The IJIMS experiment, and the BPC program generally, corroborate my personal middle school experience that learning activities emphasizing games and creative expression can engage children in ways of thinking and problem solving that are foundational to success in computing and related professions. Composing electronic music got me interested enough in electronics that I would take apart my transistor radio, memorize the names of the parts and put it back together. A basic programming class in 7th grade further ignited my interest. However, just as Jan Cuny lamented, my high school did not have programming classes. At the same time, the experience of working on my fourth grade camp newsletter was followed by similar experiences in high school and college. My parents, teachers and counselors reinforced my understanding of how these activities could lead to a writing career. But as technology storyteller Kevin Michael Brooks has argued,  it is a mistake to think that a capacity for creative fields such as writing and fields such computer science are mutually exclusive. In fact, they can be mutually reinforcing if taught in a way that allows students to explore those connections for themselves.

Diversifying the computing pipeline is essential to meeting the current and future needs of media industries. Therefore journalism industry leaders and educators should be active participants in the discussion about broadening participation in computing. Leaders and educators in the computing industry, similarly, should go beyond the traditional focus on recruiting students who have demonstrated facility with math and science as primary candidates for computer science. That pool is too small. Rather, they should recognize and cultivate the latent computing talents in the writers, artist and athletes in their midst. In the next post, I will look at the way in which interactive journalism programs can help the news industry achieve its elusive diversity goals – and respond to its innovation crisis at the same time.

References and endnotes

Articles, papers and presentations on the IJIMS project

U Wolz, M. Pulimood, K. Pearson, M. Stone, M. Switzer, “Computational thinking and expository writing in the middle school.”  ACM Transactions in Computing Education, forthcoming.

with U Wolz,  M.Pulimood, M. Stone; M. Switzer. “Computational Journalism in the Middle School.” Scholastic Division, 2010 Convention of the Association for Education in Journalism and Mass Communications, Denver, Colo. Aug. 4-7, 2010

§ Wolz, U., Stone, M., Pulimood, S. M., and Pearson, K. 2010. Computational thinking via interactive journalism in middle school. In Proceedings of the 41st ACM Technical Symposium on Computer Science Education (Milwaukee, Wisconsin, USA, March 10 – 13, 2010). SIGCSE ’10. ACM, New York, NY, 239-243.

§ U. Wolz, K. Pearson, M. Pulimood, M. Stone, and M. Switzer) Broadening Participation in Computing via Community Journalism, New Media Consortium Summer Conference, June 11-14, 2008

§  M. Pulimood, D. Shaw, K. Pearson) “Content Management Systems for Journalism,” New Media Consortium Summer Conference,  June 11-14, 2008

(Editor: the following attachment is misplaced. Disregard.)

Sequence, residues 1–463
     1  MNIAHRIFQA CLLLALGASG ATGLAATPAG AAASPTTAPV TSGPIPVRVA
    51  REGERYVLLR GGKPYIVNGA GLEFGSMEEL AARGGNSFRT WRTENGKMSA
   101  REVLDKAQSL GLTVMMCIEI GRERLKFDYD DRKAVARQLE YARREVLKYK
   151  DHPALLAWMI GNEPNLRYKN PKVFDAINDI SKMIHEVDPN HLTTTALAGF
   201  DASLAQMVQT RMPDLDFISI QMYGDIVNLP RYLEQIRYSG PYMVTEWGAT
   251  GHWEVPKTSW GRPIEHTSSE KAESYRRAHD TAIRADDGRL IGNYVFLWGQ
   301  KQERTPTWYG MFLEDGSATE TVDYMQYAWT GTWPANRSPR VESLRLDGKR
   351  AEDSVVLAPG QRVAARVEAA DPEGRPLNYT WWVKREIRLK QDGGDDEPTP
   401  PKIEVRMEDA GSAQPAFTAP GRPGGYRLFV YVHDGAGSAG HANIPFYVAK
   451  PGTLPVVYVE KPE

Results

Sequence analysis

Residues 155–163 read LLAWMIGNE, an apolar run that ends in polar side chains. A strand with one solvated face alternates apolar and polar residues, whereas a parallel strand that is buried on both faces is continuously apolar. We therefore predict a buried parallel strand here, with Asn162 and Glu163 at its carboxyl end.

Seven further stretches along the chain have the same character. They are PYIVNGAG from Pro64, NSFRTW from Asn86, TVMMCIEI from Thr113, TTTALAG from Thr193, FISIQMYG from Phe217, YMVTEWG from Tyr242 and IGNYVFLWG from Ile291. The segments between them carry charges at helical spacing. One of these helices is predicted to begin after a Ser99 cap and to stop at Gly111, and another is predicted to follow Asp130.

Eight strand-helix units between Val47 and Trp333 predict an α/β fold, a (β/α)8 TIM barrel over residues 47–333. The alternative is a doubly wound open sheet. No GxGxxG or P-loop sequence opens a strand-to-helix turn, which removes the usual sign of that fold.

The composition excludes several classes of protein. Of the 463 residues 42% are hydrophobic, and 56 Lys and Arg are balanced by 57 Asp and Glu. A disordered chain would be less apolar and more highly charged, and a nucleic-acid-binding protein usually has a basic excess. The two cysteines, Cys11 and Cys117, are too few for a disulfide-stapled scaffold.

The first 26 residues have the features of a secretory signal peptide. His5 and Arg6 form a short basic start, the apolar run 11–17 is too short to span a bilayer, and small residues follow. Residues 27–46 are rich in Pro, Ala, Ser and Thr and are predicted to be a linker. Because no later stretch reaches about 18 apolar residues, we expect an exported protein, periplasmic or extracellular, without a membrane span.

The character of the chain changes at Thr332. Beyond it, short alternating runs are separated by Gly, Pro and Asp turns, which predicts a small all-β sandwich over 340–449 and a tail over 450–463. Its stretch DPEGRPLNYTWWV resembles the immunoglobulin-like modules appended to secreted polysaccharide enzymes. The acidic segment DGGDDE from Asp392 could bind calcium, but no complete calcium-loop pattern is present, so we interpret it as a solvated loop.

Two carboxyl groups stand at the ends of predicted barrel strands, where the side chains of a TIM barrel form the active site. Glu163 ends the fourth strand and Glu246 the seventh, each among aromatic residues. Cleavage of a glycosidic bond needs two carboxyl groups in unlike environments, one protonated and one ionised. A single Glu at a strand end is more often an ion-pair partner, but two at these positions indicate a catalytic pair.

§ (with M. Pulimood, M. Stone, M. Switzer and U. Wolz.) “Scratch in the Interactive Journalism Institute for Middle School.” Scratch@MIT conference. MIT Media Lab July 25, 2008

Related links



Sidebar: Learning about learning – a conversation with Deborah Tatar

Dr. Deborah Tatar, Virginia Tech
Deborah Tatar, cognitive scientist at Virginia Tech

Deborah Tatar is a cognitive scientist at Virginia Polytechnic University whose current research focuses on understanding and clearing the obstacles to student learning in mathematics and science. For example, she was a principal investigator on the SimCalc project, a software-based interactive math curriculum for middle schoolers that has shown demonstrable success when accompanied by professional development for teachers. She is a collaborator on the CPATH Distributed Expertise project for which I am a co-PI.

In this conversation about what it takes to bring students from under-represented groups into computing, Tatar cautions against easy generalizations and simplistic solutions, offering intriguing possibilities for ways in which we can assist learners in finding the paths to understanding that are most appropriate for them.

Tatar’s insights remind me of Georgetown University math professor Jim Sandefur’s use of “think-alouds” – recorded interviews with students who explain their thought processes while working on math problems. It also echoes and complements the insights from Visible Knowledge Project, spearheaded by Randy Bass during the last decade. I was a researcher in that project in the early 2000s. My research project for VKP, “Blogging on the Beat” details my action research project on whether having journalism students keep blogs will lead deeper and more richly-sourced reporting.

This interview is part of my work in progress: The Re-Education of Me: Journalism, Diversity and Computing. Pearson, a long-time professional writing practitioner and educator, is using auto-ethnography and literary journalism to probe the implications of the transformation of journalism by computer science for journalism education. This interview was recorded at the National Science Foundation’s CE 21 community meeting in New Orleans, Lousiana Jan. 30, 2011.

View the interview (Quicktime file, runtime about 26 minutes)